Overcoming Sexual Abuse: Steps for Healing Incest and Sexual Trauma

St Louis Sexual Abuse CounselingSound Familiar?  

Addie and Truitt’s parents were best friends.  Their families were together on vacation, holidays, and most every weekend during the summer, especially when they went boating on the lake.  Addie considered Truitt her older brother, so she was confused and scared when he touched her breasts during a sleepover on her 12th birthday, and then again the following week.  It gradually grew more intimate, and kept happening for a full year before she realized she was enjoying it, even though she still wanted it to stop.  It never did.  Now, as an adult, she wanted to tell someone but didn’t know how to explain.

Lawrence was always Uncle Paul’s favorite.  Ever since he was young, they always made a point to celebrate big milestones together.  Middle school graduation was no exception, and Uncle Paul had Lawrence over to celebrate. He felt very grown up when his uncle let him have a beer to celebrate. But when they settled down to sleep that night, he didn’t know what he felt about the way Uncle Paul was touching him.

David was the classic “tomcat”.  He practically made a career of seeing how many women he could bed.  He never fully understood why he was so driven sexually, but did know it had something to do with his long-time babysitter as a child.  That was where he’d had his first sexual experiences.

Janet had difficulty letting anyone in.  She went on first date after first date, only to tell each suitor she wasn’t interested, when in fact she was.  It had been like this for as long as she could remember, ever since her teen years.  Some thing had gone on then that she knew wasn’t good, but couldn’t quite remember.

Mirabelle had been devout since she was a little girl, and had always been drawn in by the majesty and ritual of spiritual practice. When she was a teenager and spent increasing amounts of time at church, something happened between her and the minister that she’d always felt deeply ashamed of. Some adults in the congregation she’d trusted seemed to know that this sort of thing happened with young parishioners and the minister now and again, but none seemed terribly interested in talking about it. As an adult, she had a very difficult time conceptualizing who she was spiritually without thinking of all this.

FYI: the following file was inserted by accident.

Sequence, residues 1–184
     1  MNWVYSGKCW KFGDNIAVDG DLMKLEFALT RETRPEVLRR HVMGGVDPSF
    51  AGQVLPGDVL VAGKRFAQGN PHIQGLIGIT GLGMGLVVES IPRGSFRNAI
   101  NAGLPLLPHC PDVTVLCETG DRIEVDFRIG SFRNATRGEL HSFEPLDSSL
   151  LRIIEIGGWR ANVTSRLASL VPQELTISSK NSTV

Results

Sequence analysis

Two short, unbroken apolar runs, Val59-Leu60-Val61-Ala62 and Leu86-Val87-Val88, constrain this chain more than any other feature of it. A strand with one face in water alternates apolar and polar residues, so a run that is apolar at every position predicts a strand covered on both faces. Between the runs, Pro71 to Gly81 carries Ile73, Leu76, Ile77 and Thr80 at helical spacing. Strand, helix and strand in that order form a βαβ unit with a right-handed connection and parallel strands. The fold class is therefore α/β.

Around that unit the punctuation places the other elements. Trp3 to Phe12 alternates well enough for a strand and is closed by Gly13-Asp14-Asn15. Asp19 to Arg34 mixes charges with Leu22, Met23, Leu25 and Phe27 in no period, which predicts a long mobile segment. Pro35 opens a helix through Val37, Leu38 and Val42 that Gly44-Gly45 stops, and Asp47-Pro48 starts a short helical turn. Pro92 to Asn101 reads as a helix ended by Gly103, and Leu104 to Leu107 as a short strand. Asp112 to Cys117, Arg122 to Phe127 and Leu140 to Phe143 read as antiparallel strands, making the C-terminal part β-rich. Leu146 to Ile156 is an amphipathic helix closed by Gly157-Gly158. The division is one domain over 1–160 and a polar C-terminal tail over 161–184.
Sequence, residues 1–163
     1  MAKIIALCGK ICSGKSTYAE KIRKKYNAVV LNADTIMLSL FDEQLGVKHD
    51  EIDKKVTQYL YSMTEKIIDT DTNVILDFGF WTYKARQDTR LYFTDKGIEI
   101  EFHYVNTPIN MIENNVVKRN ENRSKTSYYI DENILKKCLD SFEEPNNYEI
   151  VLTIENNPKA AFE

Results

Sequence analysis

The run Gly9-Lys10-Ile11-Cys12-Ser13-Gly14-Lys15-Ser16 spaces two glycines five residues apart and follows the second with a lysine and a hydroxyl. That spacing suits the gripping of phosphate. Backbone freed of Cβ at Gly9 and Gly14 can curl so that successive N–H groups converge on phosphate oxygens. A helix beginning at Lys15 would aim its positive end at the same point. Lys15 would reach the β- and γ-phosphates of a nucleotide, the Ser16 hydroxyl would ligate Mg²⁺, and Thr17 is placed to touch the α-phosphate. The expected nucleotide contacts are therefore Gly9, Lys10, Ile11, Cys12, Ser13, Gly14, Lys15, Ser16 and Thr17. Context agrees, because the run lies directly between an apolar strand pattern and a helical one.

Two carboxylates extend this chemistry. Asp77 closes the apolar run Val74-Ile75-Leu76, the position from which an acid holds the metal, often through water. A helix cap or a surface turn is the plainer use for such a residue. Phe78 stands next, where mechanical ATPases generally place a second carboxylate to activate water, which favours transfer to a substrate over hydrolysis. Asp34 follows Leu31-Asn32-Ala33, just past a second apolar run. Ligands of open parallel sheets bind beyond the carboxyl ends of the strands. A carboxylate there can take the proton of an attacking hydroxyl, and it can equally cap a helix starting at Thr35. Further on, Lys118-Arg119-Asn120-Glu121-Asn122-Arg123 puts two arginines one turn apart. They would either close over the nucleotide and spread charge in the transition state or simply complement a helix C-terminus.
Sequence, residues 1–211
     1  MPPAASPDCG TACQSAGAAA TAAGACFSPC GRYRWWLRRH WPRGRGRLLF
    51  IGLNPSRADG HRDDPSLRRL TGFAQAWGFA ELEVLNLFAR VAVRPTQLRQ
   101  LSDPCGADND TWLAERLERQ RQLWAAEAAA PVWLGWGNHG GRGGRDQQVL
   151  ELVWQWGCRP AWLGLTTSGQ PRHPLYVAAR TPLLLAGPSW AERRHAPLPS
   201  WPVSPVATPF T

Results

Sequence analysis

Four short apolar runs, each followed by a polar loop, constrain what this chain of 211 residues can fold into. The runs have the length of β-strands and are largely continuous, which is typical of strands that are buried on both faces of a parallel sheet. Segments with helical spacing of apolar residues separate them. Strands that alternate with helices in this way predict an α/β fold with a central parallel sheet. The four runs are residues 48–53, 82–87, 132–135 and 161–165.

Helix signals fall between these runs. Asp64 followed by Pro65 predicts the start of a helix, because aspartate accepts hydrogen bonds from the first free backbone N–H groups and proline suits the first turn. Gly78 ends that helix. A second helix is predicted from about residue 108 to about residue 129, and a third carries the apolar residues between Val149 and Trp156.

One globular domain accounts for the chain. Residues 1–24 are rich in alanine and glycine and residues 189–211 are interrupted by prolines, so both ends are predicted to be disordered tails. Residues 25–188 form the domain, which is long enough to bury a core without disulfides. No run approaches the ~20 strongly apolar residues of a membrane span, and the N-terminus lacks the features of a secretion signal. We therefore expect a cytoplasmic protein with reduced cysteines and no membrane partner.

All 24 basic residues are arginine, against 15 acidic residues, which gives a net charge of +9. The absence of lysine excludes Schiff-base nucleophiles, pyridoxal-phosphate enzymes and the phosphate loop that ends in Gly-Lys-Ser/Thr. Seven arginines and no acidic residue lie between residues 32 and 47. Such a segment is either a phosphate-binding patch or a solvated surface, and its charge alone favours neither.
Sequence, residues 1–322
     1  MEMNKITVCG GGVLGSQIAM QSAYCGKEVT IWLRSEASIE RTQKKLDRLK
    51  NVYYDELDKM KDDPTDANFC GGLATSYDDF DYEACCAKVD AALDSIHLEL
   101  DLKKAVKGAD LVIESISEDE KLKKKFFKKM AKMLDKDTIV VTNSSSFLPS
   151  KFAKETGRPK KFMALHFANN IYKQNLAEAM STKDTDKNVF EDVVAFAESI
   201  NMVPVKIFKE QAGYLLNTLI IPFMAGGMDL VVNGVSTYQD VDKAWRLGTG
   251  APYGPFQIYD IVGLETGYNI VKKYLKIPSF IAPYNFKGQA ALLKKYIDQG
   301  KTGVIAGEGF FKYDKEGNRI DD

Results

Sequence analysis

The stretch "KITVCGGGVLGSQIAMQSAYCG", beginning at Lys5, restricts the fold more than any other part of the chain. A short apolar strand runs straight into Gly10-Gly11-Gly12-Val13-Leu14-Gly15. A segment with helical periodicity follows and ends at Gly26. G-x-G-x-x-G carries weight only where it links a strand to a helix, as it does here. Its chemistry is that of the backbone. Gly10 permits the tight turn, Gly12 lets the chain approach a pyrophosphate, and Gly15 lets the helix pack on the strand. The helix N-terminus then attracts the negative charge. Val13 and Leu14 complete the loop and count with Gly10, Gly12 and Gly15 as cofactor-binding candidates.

Sexual abuse can happen to anyone.

It has been estimated that 20-40 percent of girls and 2-9 percent of boys are sexually abused by the time they reach eighteen. These are probably conservative estimates since many incidents of sexual abuse are never reported.  It seems hard to believe, but sexual abuse happens much more frequently than most realize.

Sexual abuse defined.

Sexual abuse is any sexual behavior directed toward someone by a person who has power over them.  And childhood sexual abuse involves any sexual behavior directed at a child.  Such behavior always involves a betrayal of trust.  In childhood in particular, sexual abuse can be confusing because it can (and often does) come at the hands of others near the same age.  But again, the key is power differential.  For example, the difference in maturity and insight between a 13-year old and a 16-year old is often quite significant.  The 16-year old has undergone a number of developmental, physiological, social, and emotional changes the 13-year old has not.

Sexual abuse typically involves physical contact. Masturbation, intercourse, fondling, oral sex, and anal or vaginal penetration with objects. Other types of sexual abuse may not involve physical contact, but are still sexually violating.  These involve pornography exposure, exhibitionism, leering, and sexual suggestiveness.

Sexual abusers are usually not strangers, a shocking and frightening fact to many.  The U.S. Department of Health and Human Services estimates that as many as three quarters of reported cases of child sexual abuse are committed by those who are part of the victim’s immediate “circle of trust” such as family or friends.  Sexual abusers can be anyone in a position of power, authority, or trust: peers, clergy, doctors, babysitters, teachers, neighbors, fathers, mothers, grandparents, uncles, cousins, stepfathers, or siblings.

St. Louis Sexual Abuse CounselingHow to know if you were sexually abused.

If you have some form of recollection about sexual abuse, it’s best to trust it.  While your memories may not be exact (fuzzy memories is a fairly common phenomenon as it regards sexual trauma), it is unlikely that you simply “made it up.”  If these recollections are regarding your childhood, they are likely to be even fuzzier.  Individuals who’ve been sexually abused often cope automatically with some level of repression (i.e., forgetting sexual abuse ever happened).  Even in the absence of waking, active memory, individuals can be triggered emotionally, spiritually, physically, or otherwise to experience fear, despair, sickness, panic, etc.  Triggers may include facial expressions, words, tastes, smells, sounds, touch, and more.

But do I really need counseling for sexual abuse?  Can’t I just let the past go?